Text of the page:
It's definitely possible to accumulate $1 million in savings over 30 years. The trick is understanding that you don't actually have to save the full $1 million. Depending on where you put the money you save, you can contribute just a few hundred thousand dollars and wind up with a cool million in three decades' time. Still, getting there will require the discipline to sock away thousands of dollars a year — every year.
Saving at Zero Interest
Suppose your definition of "saving" is sealing bundles of cash in plastic bags, stuffing them into a shoe box and burying them in the backyard. In that case, you won't be earning any interest on the money, so the calculation is easy: $1 million divided by 30 years comes out to $33,333.33 a year. That's $2,777.78 a month, or just a tad over $641 a week -- every week, for 30 years. (Don't forget to dig up the box and take it with you when you move.)
If you stick your money someplace where it can earn interest, your path to the millionaire's club gets considerably easier. The higher the interest rate, the easier it gets. What makes this possible is compounding: The money you save earns interest. That interest gets added to the balance of your savings account, so there's more money there to earn interest. Your interest starts earning interest on its own, and the account grows faster.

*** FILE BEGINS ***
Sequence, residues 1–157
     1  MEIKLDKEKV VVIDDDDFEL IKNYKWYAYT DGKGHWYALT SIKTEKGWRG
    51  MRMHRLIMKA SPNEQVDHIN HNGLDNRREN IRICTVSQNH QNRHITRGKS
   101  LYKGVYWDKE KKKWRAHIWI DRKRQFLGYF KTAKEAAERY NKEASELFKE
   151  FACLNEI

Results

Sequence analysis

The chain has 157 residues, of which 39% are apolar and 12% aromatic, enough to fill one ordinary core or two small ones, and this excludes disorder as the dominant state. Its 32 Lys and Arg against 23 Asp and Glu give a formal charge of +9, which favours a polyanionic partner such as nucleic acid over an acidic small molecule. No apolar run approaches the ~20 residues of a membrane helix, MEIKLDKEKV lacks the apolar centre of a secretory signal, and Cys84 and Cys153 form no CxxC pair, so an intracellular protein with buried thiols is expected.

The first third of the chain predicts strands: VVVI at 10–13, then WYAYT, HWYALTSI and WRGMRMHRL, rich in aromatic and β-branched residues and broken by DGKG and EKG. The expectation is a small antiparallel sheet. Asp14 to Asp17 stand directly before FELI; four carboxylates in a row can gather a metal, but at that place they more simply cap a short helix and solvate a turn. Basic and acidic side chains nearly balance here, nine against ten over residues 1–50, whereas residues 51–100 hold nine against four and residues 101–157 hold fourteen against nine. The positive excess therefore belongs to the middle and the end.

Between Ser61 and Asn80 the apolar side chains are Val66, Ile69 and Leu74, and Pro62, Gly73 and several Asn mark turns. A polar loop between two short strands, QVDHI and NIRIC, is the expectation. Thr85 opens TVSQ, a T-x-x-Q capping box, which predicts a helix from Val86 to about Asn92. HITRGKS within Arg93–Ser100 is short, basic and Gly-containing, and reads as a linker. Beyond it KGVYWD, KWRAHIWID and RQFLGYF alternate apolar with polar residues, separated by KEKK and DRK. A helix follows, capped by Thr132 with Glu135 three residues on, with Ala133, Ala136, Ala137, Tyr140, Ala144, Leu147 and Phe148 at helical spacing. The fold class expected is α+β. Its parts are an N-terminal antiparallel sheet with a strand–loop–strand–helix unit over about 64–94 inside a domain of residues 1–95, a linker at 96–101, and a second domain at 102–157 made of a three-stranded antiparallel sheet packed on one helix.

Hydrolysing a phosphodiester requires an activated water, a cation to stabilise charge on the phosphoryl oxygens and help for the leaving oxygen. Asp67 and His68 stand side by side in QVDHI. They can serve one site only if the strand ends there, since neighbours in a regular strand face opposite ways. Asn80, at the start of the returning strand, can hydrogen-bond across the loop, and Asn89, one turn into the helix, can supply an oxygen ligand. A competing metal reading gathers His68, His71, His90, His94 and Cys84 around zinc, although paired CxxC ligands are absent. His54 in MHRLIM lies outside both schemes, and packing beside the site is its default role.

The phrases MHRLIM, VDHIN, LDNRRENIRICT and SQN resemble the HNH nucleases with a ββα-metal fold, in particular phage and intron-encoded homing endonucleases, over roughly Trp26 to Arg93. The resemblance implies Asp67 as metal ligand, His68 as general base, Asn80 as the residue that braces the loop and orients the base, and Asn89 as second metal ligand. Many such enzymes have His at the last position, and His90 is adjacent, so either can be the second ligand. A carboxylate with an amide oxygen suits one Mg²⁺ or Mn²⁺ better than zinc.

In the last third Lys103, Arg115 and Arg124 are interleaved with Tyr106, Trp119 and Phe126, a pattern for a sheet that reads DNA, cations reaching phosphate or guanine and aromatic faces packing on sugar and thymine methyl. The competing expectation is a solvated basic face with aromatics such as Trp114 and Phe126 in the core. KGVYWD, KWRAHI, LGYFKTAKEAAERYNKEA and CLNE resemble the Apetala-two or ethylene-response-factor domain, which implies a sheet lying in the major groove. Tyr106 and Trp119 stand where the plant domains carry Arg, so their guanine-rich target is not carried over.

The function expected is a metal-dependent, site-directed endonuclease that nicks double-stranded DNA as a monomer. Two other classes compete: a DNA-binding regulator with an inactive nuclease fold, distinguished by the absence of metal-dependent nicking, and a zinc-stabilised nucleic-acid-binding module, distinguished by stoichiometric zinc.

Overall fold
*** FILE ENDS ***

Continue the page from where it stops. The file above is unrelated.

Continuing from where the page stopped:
Rates Up to 5 Percent
For simplicity's sake, the calculations that follow assume that you'll be saving the same amount every year, in an account that compounds — that is, deposits interest into your account — once a year. Accounts that compound more often will grow a little faster, but the difference won't be terribly significant. If you put your money into an account that pays 1 percent annual interest, you'll need to save $28,465 a year to reach $1 million in 30 years. At 2 percent annual interest, you'll need about $24,170 a year; at 3 percent, about $20,410 a year; at 4 percent, about $17,145 a year; and at 5 percent, about $14,335 yearly.
Saving Through Investments
If you're searching for higher rates of return, and thus a quicker path to millionaire status, you're less likely to be saving and more likely to be investing. Saving is depositing money in an account and earning interest on the balance. Saving is generally extremely safe. Investing involves putting money at risk — for example, by buying corporate bonds. The higher the return, the higher the risk you'll have to stomach. With an account or investment that returns 6 percent a year, you'll need to put away about $11,935 a year to hit $1 million in 30 years. At 7 percent, the magic number drops below $10,000 a year: about $9,895. Here's where you can really see the power of compound interest: $9,895 a year for 30 years adds up to just $296,850. But with a 7 percent annual return, that amount more than triples to the magic million-dollar mark. And if you can find a 10-percent annual return somewhere (good luck finding that return for a 30-year period), you'd need to save just $5,530 a year.
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